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Tag: airport security

Fox News Columnist: TSA Should Stop Discriminating Against Gun Owners

airport-people-walkingBy Diane Black
Fox News

If you have followed the news headlines lately, you know that the Transportation Security Administration (TSA) – the bureaucracy responsible for ensuring the safety of our nation’s travelers – has seen better days. An internal investigation released in June found that the TSA had a stunning 96 percent failure rate in detecting weapons and fake explosives.  More recently, a report from “The Today Show” revealed that NBC producers were able to pass airport security with Swiss army knives and box cutters in tow. Comforting, huh?

While knives and weapons may make it past airport security all too often, your handgun carry permit – a government-issued form of identification – will not. I speak from personal experience. On a recent flight from Nashville to Washington, I approached the TSA counter only to realize my drivers’ license was tucked away in a pocket of my jeans at home. Unfazed, I pulled out my handgun carry permit to identify myself to the agent. The card bears my picture, my full legal name, my date of birth, and a hologram with the state seal.

Further, as any firearm owner knows, the process of obtaining your handgun license is significantly more involved than obtaining a drivers’ license. It requires completion of a safety course, a fingerprint, and a thorough background check. If that’s good enough to carry a weapon, then surely it is sufficient as a form of identification to board a plane, right?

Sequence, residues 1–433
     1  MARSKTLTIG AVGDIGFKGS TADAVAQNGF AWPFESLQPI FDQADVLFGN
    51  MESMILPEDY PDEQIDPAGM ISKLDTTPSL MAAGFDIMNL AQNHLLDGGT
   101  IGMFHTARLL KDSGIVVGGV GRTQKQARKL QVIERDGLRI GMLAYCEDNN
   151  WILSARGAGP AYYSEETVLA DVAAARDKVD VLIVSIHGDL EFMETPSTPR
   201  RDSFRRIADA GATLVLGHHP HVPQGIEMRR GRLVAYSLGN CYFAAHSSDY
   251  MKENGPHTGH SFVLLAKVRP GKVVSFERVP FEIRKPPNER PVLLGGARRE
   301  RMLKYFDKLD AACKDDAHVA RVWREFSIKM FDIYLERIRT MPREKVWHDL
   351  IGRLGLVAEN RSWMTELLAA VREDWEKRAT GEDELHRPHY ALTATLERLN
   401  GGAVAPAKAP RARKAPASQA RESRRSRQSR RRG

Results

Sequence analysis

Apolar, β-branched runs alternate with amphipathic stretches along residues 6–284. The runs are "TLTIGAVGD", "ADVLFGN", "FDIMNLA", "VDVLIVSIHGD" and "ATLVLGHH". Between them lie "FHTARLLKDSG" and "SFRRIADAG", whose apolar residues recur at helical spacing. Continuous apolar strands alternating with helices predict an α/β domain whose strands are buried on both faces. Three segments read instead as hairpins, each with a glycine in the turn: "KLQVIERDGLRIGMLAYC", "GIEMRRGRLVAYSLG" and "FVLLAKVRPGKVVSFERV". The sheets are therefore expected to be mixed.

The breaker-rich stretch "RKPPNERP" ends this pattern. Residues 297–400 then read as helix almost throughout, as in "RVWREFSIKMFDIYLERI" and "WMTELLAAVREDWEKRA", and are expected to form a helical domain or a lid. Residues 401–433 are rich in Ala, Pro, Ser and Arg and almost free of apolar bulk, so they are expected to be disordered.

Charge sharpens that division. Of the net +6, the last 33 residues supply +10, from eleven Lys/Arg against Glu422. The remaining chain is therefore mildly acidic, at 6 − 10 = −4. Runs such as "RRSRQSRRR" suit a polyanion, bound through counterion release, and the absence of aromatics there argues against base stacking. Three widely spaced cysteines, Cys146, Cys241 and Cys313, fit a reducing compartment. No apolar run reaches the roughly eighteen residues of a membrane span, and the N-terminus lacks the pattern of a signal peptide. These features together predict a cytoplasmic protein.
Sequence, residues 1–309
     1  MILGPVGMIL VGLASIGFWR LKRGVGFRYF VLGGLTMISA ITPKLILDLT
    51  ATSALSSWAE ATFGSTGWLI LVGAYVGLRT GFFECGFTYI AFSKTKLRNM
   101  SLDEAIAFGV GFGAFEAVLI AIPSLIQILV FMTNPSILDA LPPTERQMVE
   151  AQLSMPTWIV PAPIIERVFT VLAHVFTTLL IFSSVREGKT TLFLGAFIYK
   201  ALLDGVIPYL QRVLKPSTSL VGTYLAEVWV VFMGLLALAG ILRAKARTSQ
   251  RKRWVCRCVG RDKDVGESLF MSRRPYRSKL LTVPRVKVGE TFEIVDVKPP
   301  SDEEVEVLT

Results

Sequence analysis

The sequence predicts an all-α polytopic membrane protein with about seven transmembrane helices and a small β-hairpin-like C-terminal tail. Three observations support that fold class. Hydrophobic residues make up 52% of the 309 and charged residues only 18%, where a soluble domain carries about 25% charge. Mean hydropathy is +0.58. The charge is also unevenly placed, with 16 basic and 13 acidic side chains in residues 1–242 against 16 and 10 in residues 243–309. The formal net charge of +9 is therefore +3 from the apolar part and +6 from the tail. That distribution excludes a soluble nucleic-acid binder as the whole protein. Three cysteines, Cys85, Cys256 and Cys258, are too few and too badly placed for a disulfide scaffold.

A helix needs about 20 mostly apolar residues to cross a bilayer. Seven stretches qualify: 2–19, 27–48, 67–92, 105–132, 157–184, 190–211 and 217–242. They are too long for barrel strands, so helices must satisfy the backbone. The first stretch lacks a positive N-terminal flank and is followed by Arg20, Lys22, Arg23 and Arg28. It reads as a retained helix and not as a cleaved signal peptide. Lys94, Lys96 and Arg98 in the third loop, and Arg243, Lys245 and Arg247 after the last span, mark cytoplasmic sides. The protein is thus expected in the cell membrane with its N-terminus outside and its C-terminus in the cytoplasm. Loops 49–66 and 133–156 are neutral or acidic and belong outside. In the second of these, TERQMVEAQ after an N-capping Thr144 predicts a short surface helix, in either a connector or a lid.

Wrong. As I handed over my permit, I was met with a look of immediate disapproval. The TSA agent informed me that handgun licenses are banned as a form of identification. After a moment of panic, I showed the agent my Congressional voting card and boarded my flight, but I vowed to do my research on the subject upon returning to Washington.

As it turns out, the TSA agent was correct. Their website explicitly states that “A weapon permit is not an acceptable form of identification” so I decided to determine what is allowed under TSA standards. According to federal law, the criteria for a “verifying identity document” is “an unexpired document issued by a U.S Federal, State, or tribal government” that includes your full name, date of birth, and photograph … In other words, everything that is on my handgun carry permit.  Compounding my frustration were the reports earlier this year that TSA was accepting Costco membership cards as a form of identification. Double standard much?